|| ||Tom Herbert <email@example.com> |
|| ||David Miller <firstname.lastname@example.org>, email@example.com |
|| ||[PATCH 0/2] rps: Receive packet steering |
|| ||Tue, 10 Nov 2009 22:53:06 -0800|
|| ||Article, Thread
This is the third version of the the patch that implements software receive
side packet steering (RPS). Â RPS distributes the load of received packet
processing across multiple CPUs. Â This version allows per NAPI steering maps
as well as using HW provided hash as an optimization.
These patches are also the basis for per-flow steering which was previously
discussed; we are still working on a general solution for the per flow
steering which prevents OOO packets.
Problem statement: Protocol processing done in the NAPI context for received
packets is serialized per device queue and becomes a bottleneck under high
packet load. Â This substantially limits pps that can be achieved on a single
queue NIC and provides no scaling with multiple cores.
This solution queues packets early on in the receive path on the backlog queues
of other CPUs. Â This allows protocol processing (e.g. IP and TCP) to be
performed on packets in parallel. Â For each device (or NAPI instance for
a multi-queue device) a mask of CPUs is set to indicate the CPUs that can
process packets for the device. A CPU is selected on a per packet basis by
hashing contents of the packet header (the TCP or UDP 4-tuple) and using the
result to index into the CPU mask. Â The IPI mechanism is used to raise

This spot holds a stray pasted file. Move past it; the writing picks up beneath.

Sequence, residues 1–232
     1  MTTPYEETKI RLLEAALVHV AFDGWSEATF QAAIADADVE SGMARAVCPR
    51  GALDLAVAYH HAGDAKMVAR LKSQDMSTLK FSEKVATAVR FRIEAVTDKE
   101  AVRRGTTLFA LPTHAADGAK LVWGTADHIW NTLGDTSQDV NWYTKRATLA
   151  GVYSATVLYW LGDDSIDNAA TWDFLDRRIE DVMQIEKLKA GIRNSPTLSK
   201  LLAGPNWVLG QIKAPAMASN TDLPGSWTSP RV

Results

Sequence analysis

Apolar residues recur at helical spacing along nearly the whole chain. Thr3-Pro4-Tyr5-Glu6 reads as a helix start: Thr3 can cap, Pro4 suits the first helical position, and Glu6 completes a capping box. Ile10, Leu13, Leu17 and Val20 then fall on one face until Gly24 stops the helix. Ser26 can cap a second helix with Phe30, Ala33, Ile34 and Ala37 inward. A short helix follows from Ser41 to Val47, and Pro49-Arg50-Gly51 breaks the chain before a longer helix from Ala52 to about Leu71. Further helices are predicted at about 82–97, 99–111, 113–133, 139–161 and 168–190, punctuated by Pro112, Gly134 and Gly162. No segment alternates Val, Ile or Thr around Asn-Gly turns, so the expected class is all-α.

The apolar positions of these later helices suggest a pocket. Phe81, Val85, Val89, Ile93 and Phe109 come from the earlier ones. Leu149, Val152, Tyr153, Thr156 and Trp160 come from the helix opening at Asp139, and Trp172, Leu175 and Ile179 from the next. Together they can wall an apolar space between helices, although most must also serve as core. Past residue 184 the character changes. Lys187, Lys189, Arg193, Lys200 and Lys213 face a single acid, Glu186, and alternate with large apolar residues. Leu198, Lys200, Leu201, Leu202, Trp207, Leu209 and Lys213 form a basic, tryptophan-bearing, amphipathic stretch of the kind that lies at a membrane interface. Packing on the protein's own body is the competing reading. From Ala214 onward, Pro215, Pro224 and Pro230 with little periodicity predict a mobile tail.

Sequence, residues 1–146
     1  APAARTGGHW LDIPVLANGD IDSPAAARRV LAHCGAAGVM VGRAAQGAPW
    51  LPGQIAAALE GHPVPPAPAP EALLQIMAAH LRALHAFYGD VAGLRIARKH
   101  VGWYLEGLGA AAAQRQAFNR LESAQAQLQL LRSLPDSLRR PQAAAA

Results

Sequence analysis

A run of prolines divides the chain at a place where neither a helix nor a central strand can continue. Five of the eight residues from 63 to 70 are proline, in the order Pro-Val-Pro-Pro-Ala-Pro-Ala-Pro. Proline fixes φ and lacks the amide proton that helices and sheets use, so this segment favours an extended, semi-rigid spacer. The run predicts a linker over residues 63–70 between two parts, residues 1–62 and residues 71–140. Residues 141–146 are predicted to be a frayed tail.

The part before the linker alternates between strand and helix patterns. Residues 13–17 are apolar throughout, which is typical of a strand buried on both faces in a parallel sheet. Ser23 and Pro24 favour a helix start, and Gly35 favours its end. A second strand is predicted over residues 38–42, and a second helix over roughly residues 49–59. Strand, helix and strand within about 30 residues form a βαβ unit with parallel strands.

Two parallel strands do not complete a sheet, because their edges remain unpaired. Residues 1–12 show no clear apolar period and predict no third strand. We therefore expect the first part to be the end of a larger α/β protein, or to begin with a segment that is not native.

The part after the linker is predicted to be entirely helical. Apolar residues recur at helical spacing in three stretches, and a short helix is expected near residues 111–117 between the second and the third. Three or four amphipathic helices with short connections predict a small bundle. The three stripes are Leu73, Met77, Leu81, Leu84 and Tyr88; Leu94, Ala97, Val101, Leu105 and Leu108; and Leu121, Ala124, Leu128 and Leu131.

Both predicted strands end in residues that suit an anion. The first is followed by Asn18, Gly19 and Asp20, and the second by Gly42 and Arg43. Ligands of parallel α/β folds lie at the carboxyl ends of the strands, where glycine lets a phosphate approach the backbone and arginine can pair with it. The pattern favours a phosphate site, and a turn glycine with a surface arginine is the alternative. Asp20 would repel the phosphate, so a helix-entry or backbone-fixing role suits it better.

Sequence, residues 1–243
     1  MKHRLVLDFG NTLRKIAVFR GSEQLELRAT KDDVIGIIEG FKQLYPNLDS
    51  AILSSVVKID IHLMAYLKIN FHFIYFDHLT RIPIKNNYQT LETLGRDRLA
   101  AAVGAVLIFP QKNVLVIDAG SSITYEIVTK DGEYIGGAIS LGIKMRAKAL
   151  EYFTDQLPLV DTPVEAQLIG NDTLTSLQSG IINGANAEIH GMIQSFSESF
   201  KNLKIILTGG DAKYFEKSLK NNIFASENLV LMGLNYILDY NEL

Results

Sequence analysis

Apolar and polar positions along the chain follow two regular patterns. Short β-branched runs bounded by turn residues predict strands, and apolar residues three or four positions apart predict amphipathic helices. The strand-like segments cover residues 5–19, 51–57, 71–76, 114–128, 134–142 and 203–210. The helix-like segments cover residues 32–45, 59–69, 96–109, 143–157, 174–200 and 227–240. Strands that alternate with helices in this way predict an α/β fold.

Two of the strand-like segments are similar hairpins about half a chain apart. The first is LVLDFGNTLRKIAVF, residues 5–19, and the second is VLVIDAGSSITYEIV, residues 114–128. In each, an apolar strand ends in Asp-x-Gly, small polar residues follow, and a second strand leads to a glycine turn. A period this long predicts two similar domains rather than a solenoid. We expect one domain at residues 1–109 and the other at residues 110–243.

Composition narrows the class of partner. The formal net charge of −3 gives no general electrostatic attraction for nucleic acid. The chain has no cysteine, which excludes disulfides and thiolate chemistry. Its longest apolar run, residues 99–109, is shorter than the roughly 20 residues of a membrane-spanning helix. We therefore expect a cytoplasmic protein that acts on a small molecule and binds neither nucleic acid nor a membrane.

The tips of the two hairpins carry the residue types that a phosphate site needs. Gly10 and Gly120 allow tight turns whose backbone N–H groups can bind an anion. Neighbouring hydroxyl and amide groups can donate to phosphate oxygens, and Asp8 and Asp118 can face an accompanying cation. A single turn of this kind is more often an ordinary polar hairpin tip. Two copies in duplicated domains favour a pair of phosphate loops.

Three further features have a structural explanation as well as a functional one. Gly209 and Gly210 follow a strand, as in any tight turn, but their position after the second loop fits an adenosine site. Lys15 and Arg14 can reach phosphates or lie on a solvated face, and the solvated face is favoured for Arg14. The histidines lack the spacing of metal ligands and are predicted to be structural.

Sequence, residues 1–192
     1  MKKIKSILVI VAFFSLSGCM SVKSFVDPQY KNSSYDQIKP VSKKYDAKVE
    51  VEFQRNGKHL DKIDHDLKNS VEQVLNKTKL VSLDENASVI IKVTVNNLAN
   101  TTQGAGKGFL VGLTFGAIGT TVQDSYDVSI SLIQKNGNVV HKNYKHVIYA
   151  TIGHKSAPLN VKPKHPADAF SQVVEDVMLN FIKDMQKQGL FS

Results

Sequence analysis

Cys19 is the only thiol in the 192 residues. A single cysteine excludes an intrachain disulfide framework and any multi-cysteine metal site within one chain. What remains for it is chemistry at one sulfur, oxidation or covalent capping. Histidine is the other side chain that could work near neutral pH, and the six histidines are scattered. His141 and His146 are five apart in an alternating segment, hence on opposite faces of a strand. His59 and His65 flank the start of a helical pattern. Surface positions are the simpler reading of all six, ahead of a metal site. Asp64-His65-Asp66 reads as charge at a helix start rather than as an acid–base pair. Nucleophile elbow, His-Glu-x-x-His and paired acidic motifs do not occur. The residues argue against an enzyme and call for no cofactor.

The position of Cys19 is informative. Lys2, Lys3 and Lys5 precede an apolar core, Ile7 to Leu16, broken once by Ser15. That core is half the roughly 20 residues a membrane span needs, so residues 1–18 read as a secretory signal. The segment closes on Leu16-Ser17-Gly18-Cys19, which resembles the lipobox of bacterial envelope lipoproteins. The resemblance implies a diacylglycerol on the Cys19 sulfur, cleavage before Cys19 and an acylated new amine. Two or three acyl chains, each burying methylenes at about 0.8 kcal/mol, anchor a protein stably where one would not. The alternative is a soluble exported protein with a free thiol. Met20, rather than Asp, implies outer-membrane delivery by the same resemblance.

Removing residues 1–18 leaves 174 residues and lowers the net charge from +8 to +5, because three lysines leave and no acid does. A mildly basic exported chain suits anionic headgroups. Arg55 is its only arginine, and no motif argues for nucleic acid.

networking receive softirqs between CPUs. Â This effectively emulates in
software what a multi-queue NIC can provide, but is generic requiring no device
Many devices now provide a hash over the 4-tuple on a per packet basis
(Toeplitz is popular). Â This patch allow drivers to set the HW reported hash
in an skb field, and that value in turn is used to index into the RPS maps.
Using the HW generated hash can avoid cache misses on the packet when
steering the packet to a remote CPU.
The CPU masks is set on a per device basis in the sysfs variable
/sys/class/net/<device>/rps_cpus. Â This is a set of canonical bit maps for
each NAPI nstance of the device. Â For example:
echo "0b 0b0 0b00 0b000" > /sys/class/net/eth0/rps_cpus
would set maps for four NAPI instances on eth0.
The first patch in this set adds the RPS functionality to the core networking.
The second patch adds support to the bnx2x driver to record the Toeplitz hash
reported by the device for received skbs.
Generally, we have found this technique increases pps capabilities of a single
queue device with good CPU utilization. Â Optimal settings for the CPU mask
seems to depend on architectures and cache hierarcy. Â Below are some results
running 700 instances of netperf TCP_RR test with 1 byte req. and resp.
Results show cumulative transaction rate and system CPU utilization.
tg3 on 8 core Intel
Â Without RPS: 90K tps at 34% CPU
Â With RPS: Â Â 285K tps at 70% CPU
e1000 on 8 core Intel
Â Without RPS: 90K tps at 34% CPU
Â With RPS: Â Â 292K tps at 66% CPU
foredeth on 16 core AMD
Â Without RPS: 117K tps at 10% CPU
Â With RPS: Â Â 327K tps at 29% CPU
bnx2x on 16 core AMD
Â Single queue without RPS: Â Â Â Â 139K tps at 17% CPU
Â Single queue with RPS: Â Â Â Â Â 352K tps at 30% CPU
Â Multi queue (1 queues per CPU) Â 204K tps at 12%
We have been running a variant of this patch on production servers for a while
with good results. Â In some of our more networking intensive applications we
have seen 30-50% gains in end application performance.
Signed-off-by: Tom Herbert <firstname.lastname@example.org>
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